Open Access

The rich have money. The poor have legal aid. Everyone else has an access-to-justice problem. The Faculty of Law is about to change that.

This page is an excerpt from the article first published in the Spring/Summer 2010 issue of Nexus. See below for a link to a PDF of the entire article.

Access to Justice InitiativeWe have a problem, thought Prof. Michael Trebilcock after completing his Report of the Legal Aid Review in 2008 for Ontario's Ministry of the Attorney-General.

The report highlighted several key findings, supported by empirical data collected from 1996-2006: the pool of people Legal Aid is able to serve is shrinking, given its restrictive financial eligibility requirements, and government support for the system is declining in real dollar terms (down almost 10 per cent in the same period). For Trebilcock, the data also illuminated a political economy argument that could no longer be ignored.

"The middle class simply isn't invested in Legal Aid the way they are in other politicized issues, such as health care and education." As a result, it was going to be difficult to get the electorate to support any argument for increased funding for Legal Aid, since the system is effectively closed to the average Canadian.

At the law school, the gap in legal services for the middle class is increasingly apparent. "We constantly get people coming to our library, asking our librarians for help with a case and with legal research," says Prof. Mayo Moran, SJD 1999, dean of the Faculty of Law. "And as dean, I get many phone calls and emails from people who are desperate for help."

It was no surprise then when Trebilcock approached her about the growing access-to-justice issue. What was novel, however, was the tactical approach he proposed: engaging the middle class. The idea got the faculty talking.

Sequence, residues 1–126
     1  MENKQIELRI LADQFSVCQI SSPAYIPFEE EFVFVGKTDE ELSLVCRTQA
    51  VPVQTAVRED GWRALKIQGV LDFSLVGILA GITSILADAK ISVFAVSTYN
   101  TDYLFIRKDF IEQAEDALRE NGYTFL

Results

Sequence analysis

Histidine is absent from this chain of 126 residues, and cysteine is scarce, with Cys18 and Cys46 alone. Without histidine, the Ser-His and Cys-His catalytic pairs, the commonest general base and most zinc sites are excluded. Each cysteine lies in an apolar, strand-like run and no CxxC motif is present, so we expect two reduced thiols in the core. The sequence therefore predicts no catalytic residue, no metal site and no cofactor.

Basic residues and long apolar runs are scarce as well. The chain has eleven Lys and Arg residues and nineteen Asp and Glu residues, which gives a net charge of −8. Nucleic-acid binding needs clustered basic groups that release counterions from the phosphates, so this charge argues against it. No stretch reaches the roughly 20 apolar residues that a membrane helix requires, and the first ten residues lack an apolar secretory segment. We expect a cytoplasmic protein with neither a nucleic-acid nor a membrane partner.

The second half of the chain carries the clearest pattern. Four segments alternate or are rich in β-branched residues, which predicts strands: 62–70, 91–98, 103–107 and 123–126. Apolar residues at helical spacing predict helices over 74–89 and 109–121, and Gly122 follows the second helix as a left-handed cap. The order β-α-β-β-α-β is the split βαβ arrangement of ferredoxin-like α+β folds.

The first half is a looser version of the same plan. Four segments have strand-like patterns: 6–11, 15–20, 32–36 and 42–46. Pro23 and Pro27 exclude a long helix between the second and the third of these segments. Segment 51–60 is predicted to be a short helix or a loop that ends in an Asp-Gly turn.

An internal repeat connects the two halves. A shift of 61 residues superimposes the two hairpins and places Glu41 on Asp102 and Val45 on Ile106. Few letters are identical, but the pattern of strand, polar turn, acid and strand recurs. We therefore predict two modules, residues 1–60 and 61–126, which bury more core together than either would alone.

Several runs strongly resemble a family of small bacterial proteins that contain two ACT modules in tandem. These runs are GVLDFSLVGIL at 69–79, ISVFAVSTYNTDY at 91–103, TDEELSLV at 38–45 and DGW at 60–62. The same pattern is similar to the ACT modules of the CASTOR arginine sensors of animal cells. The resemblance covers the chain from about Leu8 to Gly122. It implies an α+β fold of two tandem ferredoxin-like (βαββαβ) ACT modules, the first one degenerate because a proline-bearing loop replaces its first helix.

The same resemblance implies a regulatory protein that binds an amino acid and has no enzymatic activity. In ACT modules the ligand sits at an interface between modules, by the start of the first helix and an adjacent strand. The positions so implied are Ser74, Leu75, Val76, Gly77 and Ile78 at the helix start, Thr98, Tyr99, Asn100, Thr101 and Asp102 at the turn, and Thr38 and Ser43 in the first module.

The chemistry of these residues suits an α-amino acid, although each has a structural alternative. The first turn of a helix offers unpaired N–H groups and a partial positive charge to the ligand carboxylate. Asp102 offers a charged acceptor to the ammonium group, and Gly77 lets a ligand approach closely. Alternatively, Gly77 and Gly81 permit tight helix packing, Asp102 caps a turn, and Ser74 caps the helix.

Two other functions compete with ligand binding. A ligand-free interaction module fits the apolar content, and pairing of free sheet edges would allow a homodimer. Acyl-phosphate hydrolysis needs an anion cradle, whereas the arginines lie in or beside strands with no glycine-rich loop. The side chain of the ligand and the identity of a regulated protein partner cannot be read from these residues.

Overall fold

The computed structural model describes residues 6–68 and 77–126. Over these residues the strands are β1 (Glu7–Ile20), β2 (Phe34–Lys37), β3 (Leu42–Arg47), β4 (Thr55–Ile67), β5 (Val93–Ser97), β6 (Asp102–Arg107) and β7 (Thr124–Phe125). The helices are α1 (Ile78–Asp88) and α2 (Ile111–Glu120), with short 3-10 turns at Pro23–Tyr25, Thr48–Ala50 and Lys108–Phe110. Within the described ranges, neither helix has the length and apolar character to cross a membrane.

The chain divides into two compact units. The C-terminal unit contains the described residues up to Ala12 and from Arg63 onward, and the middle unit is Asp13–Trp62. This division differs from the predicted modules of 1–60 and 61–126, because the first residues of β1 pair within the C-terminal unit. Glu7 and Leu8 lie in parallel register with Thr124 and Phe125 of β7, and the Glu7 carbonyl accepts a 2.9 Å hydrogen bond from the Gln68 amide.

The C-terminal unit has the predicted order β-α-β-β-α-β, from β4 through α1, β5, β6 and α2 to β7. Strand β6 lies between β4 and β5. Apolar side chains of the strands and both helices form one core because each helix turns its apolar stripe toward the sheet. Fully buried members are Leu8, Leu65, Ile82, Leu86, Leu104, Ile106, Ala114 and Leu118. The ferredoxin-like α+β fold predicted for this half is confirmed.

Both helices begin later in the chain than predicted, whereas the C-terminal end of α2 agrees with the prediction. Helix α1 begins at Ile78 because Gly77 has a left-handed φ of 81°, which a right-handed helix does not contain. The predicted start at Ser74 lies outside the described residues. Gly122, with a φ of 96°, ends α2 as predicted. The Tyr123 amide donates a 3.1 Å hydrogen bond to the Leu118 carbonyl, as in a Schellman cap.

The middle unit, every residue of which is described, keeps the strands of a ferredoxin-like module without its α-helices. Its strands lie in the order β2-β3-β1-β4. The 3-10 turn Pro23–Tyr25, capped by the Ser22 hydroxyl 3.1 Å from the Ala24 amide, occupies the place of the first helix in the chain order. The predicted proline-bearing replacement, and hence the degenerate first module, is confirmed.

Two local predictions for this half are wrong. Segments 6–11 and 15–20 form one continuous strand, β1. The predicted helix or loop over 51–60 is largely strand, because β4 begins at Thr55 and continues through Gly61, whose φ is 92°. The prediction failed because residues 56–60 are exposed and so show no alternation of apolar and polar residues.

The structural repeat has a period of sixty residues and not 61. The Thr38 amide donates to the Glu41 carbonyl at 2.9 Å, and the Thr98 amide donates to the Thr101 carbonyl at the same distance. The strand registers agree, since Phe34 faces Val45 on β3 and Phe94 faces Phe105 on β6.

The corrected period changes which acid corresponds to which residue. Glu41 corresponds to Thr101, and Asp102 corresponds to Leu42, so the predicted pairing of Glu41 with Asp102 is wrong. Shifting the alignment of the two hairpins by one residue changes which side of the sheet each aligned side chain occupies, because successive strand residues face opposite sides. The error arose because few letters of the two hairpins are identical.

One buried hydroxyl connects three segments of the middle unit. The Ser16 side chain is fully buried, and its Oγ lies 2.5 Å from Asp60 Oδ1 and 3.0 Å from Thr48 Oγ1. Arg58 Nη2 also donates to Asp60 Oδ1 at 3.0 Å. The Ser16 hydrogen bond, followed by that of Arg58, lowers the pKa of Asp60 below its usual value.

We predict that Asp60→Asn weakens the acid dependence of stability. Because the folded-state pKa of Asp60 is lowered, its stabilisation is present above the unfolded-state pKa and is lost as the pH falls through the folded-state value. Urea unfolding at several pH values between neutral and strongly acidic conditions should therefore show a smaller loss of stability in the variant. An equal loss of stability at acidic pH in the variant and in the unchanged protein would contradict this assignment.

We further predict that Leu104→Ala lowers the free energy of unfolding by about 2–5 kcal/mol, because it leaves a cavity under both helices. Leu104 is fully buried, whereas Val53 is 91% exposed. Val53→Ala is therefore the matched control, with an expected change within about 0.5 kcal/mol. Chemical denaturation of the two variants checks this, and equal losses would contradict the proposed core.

"I've been involved in access-to-justice issues in one form or another at different points in my career for years, and to me, this was one of the best strategic ideas that I had heard," says McCormack. "Essentially we need a whole segment of society to get on board, and get willing politicians to start putting this in its proper perspective."

Where and how to begin was another issue, says Moran. "Everyone knows there's a problem but figuring out what we do to respond to it is not easy. And the sense that 'We've seen this movie before' is frustrating for people."

The "sequel" is now in production.

The dean made the issue a research and public interest priority for the Faculty of Law. Working and advisory groups were pulled together to map out a multi-pronged initiative to address the growing problem of low and middle-income access to the civil legal justice system in Ontario.

The first phase is an upper-year research seminar, which earlier this year brought together a talented and motivated group of law students and faculty to study best practices from around the world, including adjudicative alternatives.

Next, focus groups are in the works with senior members of the bar, bench and the academy in high-needs areas such as family, employment, consumer and debtor/creditor law to elicit and refine ideas for new and, more importantly, practical solutions. These will be laid out in a policy paper.

And to cap it off, an international conference at the Faculty of Law- and subsequent book publication of essays with a leading academic publisher-is confirmed for February 2011 with Chief Justice Beverley McLachlin as the keynote speaker.

It's an ambitious initiative with a specific objective: to impact public policy, improve access for those sandwiched in between incomelevel extremes, and foster a trickle-down effect to galvanize support for Legal Aid, helping those who need it most.

The hope, says Moran, is also to produce an innovative delivery model at the Faculty of Law addressing-and filling in-the gaps in the system, where law students, faculty supervisors and volunteers from the legal profession can be involved in a pilot project. "We have a rich source of support for this initiative here, and it will be exciting to see it unfold. One possibility is a clinical type model to give people some assistance, more than just providing information, but something less than going to court. That's what most people need- something in the middle."